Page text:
It poured down today, our first day where we were out in the rain, so we put off the Brocante until later, in favour of a Modigliani exhibit at Pinacothèque de Paris. I have an original copy of a Modigliani done by Paula who lives in Nottingham Road. It is oil on canvas and my favourite painting.
I was in awe standing in front of original Modigliani art and even Maurice Utrillo. I have a beautiful chromolithograph at Simply Sam of a Utrillo, and I've always loved both artists.
We waltzed through the Parisian rues visiting antique shop after antique shop, on our way to the Catacombs, obviously in one of the most upmarket areas of Paris judging by the prices. Baroque, Retro, designer - all stunningly beautiful shops that put some of our best South African shops to shame. Though when you think most of the items originate from Europe, you would expect nothing less. Who can afford to purchase in this area is another story, the prices were exhorbitant
Walking back from the Catacombs, we stumbled upon a Monastary shop, more so because we are Catholic, else we may never have found it. There was an unbelievable choice of beautiful linen, but even the Nuns know their stuff, and the prices were not cheap. I managed to find a beautiful square table cloth with twelve matching serviettes, so dainty, perfect for a tea party.
Next we found a vintage book shop and I was thrilled to find three Retro titles that are quite rare to find - this was a good end to a day of shopping before the big Brocantes tomorrow.
The Catacombs were something else, reputedly the largest in the world. Millions of bodies were exhumed and moved here, to their final resting place. To see hundreds of bones and skulls, stacked neatly, and some even displayed in 'designed' arches and semi circles is wierd, if not a little disconcerting. It took me a while to get used to the idea that I would be stuck thirty metres underground for the two hours that it takes to walk to the exit, but it was well worth the experience. One comes out of there realising how insignificant we really are.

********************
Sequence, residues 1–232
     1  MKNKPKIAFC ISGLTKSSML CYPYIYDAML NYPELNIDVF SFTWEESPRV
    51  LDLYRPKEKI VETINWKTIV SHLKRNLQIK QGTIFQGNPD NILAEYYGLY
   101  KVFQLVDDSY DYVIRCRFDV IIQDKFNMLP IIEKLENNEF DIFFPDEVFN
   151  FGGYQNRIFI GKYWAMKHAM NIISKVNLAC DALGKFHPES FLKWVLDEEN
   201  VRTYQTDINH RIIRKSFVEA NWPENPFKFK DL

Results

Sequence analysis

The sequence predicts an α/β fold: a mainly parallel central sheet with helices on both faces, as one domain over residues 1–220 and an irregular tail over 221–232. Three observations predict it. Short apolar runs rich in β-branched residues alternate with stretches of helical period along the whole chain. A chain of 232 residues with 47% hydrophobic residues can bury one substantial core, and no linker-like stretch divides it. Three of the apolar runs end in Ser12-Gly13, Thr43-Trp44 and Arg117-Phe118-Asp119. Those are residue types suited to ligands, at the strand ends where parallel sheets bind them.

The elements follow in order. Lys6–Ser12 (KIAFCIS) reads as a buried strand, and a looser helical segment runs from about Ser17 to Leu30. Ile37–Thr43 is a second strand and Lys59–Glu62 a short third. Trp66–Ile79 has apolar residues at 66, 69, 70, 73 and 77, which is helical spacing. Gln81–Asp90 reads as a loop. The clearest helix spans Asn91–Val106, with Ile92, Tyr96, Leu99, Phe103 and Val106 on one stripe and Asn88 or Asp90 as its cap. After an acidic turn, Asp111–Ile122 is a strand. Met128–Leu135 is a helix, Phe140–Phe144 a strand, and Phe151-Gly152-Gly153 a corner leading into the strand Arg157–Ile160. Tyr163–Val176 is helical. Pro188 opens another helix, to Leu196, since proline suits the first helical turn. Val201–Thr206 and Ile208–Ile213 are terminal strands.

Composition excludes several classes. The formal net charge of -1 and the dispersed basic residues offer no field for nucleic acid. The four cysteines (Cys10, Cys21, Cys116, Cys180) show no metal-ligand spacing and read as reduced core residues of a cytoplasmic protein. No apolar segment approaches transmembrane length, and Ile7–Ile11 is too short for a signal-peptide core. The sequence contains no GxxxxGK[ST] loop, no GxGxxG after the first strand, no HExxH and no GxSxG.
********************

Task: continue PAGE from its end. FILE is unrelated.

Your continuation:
In Paris space is at a premium and this we realised as we exited ghe Catacombs, and spotted a car in the street, literally packed to the rafters with 'stuff'. Probably the cheapest storage you'll find in this costly city.
Last night we ate, and drank, at Chez Chatelier as promised. At 9.45pm, people were still queuing and we managed to get in just before closing. It was a hive of activity as waiters and Garçons buzzed busily around more than a hundred patrons.
At 50 Euros for a four course a la carte menu with a bottle of house wine for two people, this was extremely reasonable by Parisians standards and a must do for anyone visiting Paris on a budget.